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> Nervous And Over Thinking, Overthinking
Hajduk
post Oct 7 2013, 11:41 PM
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Hi All, just wanted to ask what mind set do you put yourself in when playing in front of others or in my case a camera? I find I tend to overthink than I cant relax and then I make mistakes. My son tells me to pretend the camera is not there! Any suggestions would be awesome smile.gif


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verciazghra
post Oct 8 2013, 02:21 AM
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QUOTE (Hajduk @ Oct 7 2013, 10:41 PM) *
Hi All, just wanted to ask what mind set do you put yourself in when playing in front of others or in my case a camera? I find I tend to overthink than I cant relax and then I make mistakes. My son tells me to pretend the camera is not there! Any suggestions would be awesome smile.gif




Your mind is not you, leave it behind when you play. Experience what you're doing instead of thinking what you're doing. It takes time and effort to release the burden of thinking.


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klasaine
post Oct 8 2013, 03:31 AM
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Like anything else for 'most' folks it just takes practice/experience.
Play something in front of the camera everyday. Eventually you'll get used to it.


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sammetal92
post Oct 8 2013, 04:52 AM
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I was extremely nervous about even recording audio of myself playing when I first came here, now I can't stay without recording almost everything I come up with and showing it to people here laugh.gif

About videos, I actually was very nervous when I joined my second collab (first one was GMC Hit II, an audio one), and it was British Metal Collab 3. I totally kept the camera on the guitar, and the result was a very dark video with a very big guitar laugh.gif Since then, I've joined 8 collabs, 2 of them being audio and 6 of them video, and I've improved a whole lot, I feel pretty comfortable playing in front of a camera, because its just like recording audio you know. If you make a mistake, you can always hit record again, no biggie smile.gif That's what I tell myself, and eventually, now I only need like 2 takes to get it just right smile.gif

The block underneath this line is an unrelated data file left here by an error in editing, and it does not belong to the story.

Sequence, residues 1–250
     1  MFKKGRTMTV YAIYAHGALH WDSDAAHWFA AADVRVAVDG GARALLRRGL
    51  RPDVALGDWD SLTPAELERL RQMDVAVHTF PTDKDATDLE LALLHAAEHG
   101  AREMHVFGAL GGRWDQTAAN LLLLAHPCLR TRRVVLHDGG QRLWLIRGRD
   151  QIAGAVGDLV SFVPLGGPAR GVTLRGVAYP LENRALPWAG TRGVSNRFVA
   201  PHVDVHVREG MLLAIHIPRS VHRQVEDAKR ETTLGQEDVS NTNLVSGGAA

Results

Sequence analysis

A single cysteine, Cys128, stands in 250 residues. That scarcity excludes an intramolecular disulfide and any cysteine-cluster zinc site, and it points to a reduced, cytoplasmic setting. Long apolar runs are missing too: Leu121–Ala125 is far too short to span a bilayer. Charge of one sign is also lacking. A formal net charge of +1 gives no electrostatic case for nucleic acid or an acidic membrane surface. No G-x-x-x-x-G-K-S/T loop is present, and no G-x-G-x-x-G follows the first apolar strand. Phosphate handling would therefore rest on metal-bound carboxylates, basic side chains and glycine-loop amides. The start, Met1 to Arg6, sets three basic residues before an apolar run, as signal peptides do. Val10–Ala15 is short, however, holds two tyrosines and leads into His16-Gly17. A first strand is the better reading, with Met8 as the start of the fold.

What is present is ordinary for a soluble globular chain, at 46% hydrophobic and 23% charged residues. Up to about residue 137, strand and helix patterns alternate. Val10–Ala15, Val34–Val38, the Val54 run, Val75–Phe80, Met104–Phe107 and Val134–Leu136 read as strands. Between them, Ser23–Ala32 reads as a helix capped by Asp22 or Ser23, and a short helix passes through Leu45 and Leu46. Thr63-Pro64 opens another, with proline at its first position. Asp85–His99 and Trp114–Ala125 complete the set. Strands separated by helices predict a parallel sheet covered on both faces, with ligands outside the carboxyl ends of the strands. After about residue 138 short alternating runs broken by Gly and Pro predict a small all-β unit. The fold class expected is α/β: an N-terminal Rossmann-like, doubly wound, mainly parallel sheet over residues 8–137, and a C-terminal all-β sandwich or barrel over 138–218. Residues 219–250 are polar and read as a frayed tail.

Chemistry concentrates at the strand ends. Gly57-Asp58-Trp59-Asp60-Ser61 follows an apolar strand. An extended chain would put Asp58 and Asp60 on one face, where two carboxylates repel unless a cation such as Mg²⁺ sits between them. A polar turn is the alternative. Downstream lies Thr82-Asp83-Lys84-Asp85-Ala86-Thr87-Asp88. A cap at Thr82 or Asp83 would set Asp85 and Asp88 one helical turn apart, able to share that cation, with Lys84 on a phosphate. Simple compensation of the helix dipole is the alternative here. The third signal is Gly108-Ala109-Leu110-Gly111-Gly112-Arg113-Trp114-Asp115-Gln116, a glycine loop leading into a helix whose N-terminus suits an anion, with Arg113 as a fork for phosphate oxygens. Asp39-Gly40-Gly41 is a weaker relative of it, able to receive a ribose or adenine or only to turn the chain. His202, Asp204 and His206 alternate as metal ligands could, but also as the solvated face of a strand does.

So, if you want to get over it, you just need to dive into it and do it more and more every day, and you don't need to necessarily show your videos to people, just keep them for yourself, to remind you how much you're improving day by day.


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Hajduk
post Oct 8 2013, 06:15 AM
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Thank you all for the great advice smile.gif will put it to use!


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Monica Gheorghev...
post Oct 8 2013, 07:25 AM
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I had the same problem with camera in front smile.gif
I still can't say that now it's much better but I try to manage this thing. I can't feel relaxed and I have moments when I lose my concentration. I think this happen because I try to have no expression on my face when I play. I know this is stupid but.......this thing monopolizing all my attention and I forget just to feel the music. All my videos in front of the camera sounds just 70% than how they sounds when I play without the camera smile.gif



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verciazghra
post Oct 8 2013, 08:26 AM
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I'm gonna pipe in here since the standard reply seems to be "do it more". While that's okay advice(at best), it's a very short-sighted approach; because there are so many more constructive things you can do actively. It's a bit like practicing through an entire piece over and over and making the same mistake every time, every time you play it, you re-inforce your mental pathways and willl repeat the mistake even more surely the next time.

To really change the way you think and deal with the problem I suggest you buy or borrow the book The Inner Game of Music. It deals with this issue almost exclusively.

To quote Scott Tennant(author of Pumping Nylon): "... I go out on stage and just go for it. I let my "inner player" play the concert for me; that player we all have inside us which usually emerges when we're playing in front of the TV watching old Star Trek re-runs or the NCAA playoffs." "There is no substitute for preparation." and my favorite one "Remember that whenever you play a note on the guitar you have two choices: to improve or go downhill."

Barry Greene agree's with Scott Tennant and says "There's no better cure for performance anxiety than thorough preparation.".



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Darius Wave
post Oct 8 2013, 09:05 AM
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Probably just a matter of time. The more You'll record, the less You feel uncomfortable in front of the camera. Also camera seems to be a good practice tool. For example when You improvise You could think it went pretty nice but after watching the recording You have a great reference point of what only feels cool while playing but doesn't give same emotions while listening. It helps to improve selfcontrol smile.gif


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Cosmin Lupu
post Oct 8 2013, 09:29 AM